2. Leslee Allen, CPC says:

    Which codes are being referred to…
    I’ve checked for CCI edits and am not able to find any regarding 43239 & 45378

  3. Jenifer, RCC, CPC says:

    Leslee, I think that the article is not referring to the CCI edits, but rather the multiple endoscopy rule that states that additional endoscopic prcocedures in the same family are subject to a multiple payment reduction rule. A good explanation with CMS references can be found here:

  4. Alicia says:

    As a parent of a child that had to go through those procedures Upper Endoscopy and Lower Endoscopy for chronic abdominal pain and nausea with vomiting, I could not imaging having to wait for separate days for those procedures, meaning the patient would have to endure two preps.

  5. Rachel Boggs CMA, CGSC says:

    I find this very interesting. My question is, where these all outpatient (non emergent) cases or were inpatient (emergent) cases included as well. I think running the same study on those two groups may shine more light on this. When billing for my surgeons, I am more likely to see this issue on inpaitients due to emergency circumstances that may not warrant an upper endoscopy but only a colonoscopy or vise versa, and once the patient is able to give more information or after furthur testing, the other scope is deemed necessary.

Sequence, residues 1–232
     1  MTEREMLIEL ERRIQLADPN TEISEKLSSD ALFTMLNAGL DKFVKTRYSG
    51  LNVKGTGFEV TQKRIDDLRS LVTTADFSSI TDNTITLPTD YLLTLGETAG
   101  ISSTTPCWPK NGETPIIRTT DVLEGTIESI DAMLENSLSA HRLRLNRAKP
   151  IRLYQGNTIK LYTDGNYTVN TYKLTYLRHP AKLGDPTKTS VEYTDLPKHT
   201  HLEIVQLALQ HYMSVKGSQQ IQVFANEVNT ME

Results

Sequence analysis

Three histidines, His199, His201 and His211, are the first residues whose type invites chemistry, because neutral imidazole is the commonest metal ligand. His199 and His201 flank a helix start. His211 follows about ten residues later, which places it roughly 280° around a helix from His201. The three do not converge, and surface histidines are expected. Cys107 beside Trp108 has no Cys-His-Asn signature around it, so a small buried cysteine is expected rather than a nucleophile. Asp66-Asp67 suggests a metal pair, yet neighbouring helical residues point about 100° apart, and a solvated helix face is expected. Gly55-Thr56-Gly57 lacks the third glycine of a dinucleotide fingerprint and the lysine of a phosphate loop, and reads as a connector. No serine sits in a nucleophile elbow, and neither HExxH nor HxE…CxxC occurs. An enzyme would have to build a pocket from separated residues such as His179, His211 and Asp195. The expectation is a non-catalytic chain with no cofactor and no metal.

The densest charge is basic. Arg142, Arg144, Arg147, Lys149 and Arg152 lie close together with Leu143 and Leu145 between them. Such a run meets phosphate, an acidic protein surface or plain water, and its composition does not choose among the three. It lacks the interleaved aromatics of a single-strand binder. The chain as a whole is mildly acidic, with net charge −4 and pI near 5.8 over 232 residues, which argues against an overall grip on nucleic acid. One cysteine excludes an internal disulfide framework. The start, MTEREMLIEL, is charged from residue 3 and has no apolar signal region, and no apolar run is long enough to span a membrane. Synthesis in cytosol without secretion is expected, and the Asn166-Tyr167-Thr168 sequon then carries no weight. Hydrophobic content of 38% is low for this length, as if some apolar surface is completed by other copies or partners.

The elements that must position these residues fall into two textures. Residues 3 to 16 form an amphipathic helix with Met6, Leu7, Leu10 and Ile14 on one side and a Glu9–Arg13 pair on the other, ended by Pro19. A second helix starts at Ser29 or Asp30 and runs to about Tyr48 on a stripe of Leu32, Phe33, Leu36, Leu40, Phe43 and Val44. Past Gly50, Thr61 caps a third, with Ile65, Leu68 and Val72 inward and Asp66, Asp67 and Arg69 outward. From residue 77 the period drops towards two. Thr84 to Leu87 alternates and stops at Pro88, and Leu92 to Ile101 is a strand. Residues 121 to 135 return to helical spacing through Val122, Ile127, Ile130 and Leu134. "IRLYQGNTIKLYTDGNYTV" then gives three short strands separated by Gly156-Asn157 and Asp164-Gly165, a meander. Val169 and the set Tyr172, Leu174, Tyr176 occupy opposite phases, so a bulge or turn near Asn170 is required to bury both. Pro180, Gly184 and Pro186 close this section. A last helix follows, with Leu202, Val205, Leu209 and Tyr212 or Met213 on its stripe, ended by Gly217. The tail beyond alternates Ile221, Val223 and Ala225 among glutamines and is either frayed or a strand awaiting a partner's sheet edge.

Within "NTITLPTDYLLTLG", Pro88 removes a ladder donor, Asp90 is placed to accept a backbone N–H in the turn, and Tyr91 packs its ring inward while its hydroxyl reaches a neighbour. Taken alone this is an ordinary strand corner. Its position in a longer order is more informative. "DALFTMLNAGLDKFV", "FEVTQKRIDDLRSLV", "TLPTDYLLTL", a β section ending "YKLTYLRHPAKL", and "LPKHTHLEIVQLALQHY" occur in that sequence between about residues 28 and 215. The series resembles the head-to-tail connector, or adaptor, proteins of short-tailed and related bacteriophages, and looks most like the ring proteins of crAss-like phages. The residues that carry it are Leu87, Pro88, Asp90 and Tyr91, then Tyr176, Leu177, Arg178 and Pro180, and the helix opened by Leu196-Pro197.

On an out patient basis we know we have to accept the multi procedure discount, and the alternative of scheduling the patient on two different days for outpatient endoscopies simply because of reimbursement seems almost fraudulent not to mention completely inconsiderate of a patients time and money.

  6. N. Flowers, CPC says:

    I really want to believe that 75 bucks would not be enough to prompt all but a tiny fraction of physicians to advise separate procedures and preps that could be done together for obvious reasons like patient safety, etc. However, 30% of cases showed a four or less day gap between procedures. That’s a scary statistic but without further information on the study data (inpatient vs. outpatient, etc.) it would be cynical to assume any “gaming” going on. However, after 35 years in the billing and coding/auditing field, I tend to be more cynical when it comes to healthcare decisions being made for the right reasons. I can tell you from personal experience that both my parents were advised to undergo upper and lower endoscopies on separate days (different physicians) although there were no clinical indications that would preclude both procedures being performed during the same session. When I asked about this, I was told it was their “policy” to schedule separately and could not provide any other rationale. They ended up with two procedures on the same day as a result of my query. If it walks and quacks like a duck…